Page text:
The opportunity to network and build relationships with likeminded innovators is key when you are still a small company and the Innovation Hub has presented numerous opportunities for us to collaborate and build our business. Their highly committed relationship with the Free Electrons programme, for instance, is one concrete example of the way we have benefitted from our partnership. Many investors claim to offer more than just money, but with the Innovation Hub, it’s baked into their DNA.

What has been your approach to giving growth support to Sterblue?

Stefan: We act as both a capital investor and an accelerator for our portfolio companies, and it’s no different for Geoffrey and his team. This means connecting them with relevant partners, collaborators and even customers within our network – from Free Electrons (the first global energy accelerator that we co-founded in 2016) to our Portfolio Days. All these events and programmes provide a highly targeted matching service to introduce start-ups with relevant industry contacts.

Furthermore, we supported Sterblue prior to the product development phase, helping to collect reams of existing data, uploading thousands of pictures of infrastructure to train the visual recognition patterns and manually training the algorithm. One thing is certain, after this project we now all know what woodpecker holes look like and all the shapes and forms they can come in on power line poles. On a more serious note, we also connected them with the core innogy business, which is currently testing their technology.

How is Sterblue revolutionising grid infrastructure maintenance and when can we expect to see exponential growth for the business?

Geoffrey: Our vision at Sterblue is to build a better Google Earth – one that’s almost indistinguishable from the real world. The combination of Sterblue’s automatic navigation and analysis software with an upcoming improvement in the drone system will enable fully autonomous drone-based inspections in remote areas. When this is a reality, we will be able to collect data at a fraction of the current cost – and on a weekly or monthly, rather than annual, basis – to provide actionable information to predict any change in the status of the grid infrastructure.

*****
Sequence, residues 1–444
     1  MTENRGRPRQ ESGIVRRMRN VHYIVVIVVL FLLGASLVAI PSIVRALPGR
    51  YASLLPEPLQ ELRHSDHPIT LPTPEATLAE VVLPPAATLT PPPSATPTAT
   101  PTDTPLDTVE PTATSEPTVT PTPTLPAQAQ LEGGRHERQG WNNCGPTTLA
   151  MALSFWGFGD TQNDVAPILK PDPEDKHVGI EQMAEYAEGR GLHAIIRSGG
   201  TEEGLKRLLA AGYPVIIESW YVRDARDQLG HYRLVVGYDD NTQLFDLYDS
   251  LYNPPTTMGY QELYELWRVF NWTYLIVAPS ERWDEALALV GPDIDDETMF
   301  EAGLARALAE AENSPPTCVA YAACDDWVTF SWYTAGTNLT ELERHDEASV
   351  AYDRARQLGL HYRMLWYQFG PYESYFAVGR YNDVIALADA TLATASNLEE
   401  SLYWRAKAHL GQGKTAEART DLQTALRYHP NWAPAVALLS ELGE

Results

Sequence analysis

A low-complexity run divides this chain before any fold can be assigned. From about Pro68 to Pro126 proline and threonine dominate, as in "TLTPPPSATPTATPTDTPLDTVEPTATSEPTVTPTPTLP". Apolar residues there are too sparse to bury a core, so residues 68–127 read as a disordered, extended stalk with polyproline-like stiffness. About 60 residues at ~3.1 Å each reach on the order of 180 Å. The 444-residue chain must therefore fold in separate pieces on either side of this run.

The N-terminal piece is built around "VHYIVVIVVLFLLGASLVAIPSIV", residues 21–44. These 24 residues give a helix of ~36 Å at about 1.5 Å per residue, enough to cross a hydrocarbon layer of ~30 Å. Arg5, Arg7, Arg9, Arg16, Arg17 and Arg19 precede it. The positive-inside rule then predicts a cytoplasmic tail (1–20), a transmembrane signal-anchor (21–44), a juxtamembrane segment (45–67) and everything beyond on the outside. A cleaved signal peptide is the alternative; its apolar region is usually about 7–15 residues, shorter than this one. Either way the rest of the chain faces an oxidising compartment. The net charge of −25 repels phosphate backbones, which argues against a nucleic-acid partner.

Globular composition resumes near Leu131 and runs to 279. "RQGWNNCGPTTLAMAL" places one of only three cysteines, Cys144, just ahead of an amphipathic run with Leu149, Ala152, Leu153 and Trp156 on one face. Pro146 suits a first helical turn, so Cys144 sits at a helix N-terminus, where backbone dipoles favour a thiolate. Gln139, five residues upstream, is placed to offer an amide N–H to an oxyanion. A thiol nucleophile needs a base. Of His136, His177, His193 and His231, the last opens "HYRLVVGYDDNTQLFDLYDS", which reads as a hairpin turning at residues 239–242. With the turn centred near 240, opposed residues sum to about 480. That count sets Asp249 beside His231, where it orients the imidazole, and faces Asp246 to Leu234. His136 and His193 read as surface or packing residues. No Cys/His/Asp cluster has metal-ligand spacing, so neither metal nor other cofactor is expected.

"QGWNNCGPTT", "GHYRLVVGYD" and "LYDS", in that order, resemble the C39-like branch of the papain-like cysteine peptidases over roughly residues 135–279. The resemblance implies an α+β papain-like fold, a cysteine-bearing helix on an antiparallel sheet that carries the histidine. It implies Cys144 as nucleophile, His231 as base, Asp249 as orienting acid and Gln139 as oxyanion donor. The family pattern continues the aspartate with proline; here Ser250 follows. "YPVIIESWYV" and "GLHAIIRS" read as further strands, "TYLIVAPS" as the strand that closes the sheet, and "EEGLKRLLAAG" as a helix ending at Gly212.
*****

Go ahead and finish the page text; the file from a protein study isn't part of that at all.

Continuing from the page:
Can you provide some concrete examples of how the Innovation Hub has provided growth support/ cooperation? 

Geoffrey: innogy Innovation Hub has been a financial supporter of Sterblue since our seed funding round in 2018, however the support has gone well beyond just the financials. I’ve already talked about the collaboration opportunities but there have also been very direct instances where they’ve helped develop our business.

For example, we have performed a pilot project with innogy subsidiary Westnetz* on automatic distribution grid defect detection, and we are now looking at the next stage in our partnership and in the development of our product.

innogy’s wind energy capability gave us the opportunity to test our product and perform automatic blade inspections, and we are now in advanced discussions to continue to support their team in managing their huge volume of data.

* Westnetz is a 100 % innogy subsidiary and is the largest distribution system operator in Germany and supplies approximately 7.5 million people with electricity and gas.

Where do you both want to be in two years from now on this joint journey? 

Geoffrey: Our goal is to continuously grow our business and make asset management easier. We want to pioneer technology that predicts the future status and maintenance requirements of all sorts of energy assets – electrical grids, onshore and offshore wind turbines, cooling towers, dams, and more. We are excited to continue to collaborate closely with the innogy Innovation Hub team to achieve these targets.

Stefan: In two years from now, we want to see Sterblue’s technology as an integral part of innogy’s asset maintenance strategy – as well as the strategy of other grid operators throughout the world. We’re certain that, in helping to reduce the cost, effort and time to repair these assets, manual checking of the energy grid will quickly become a thing of the past.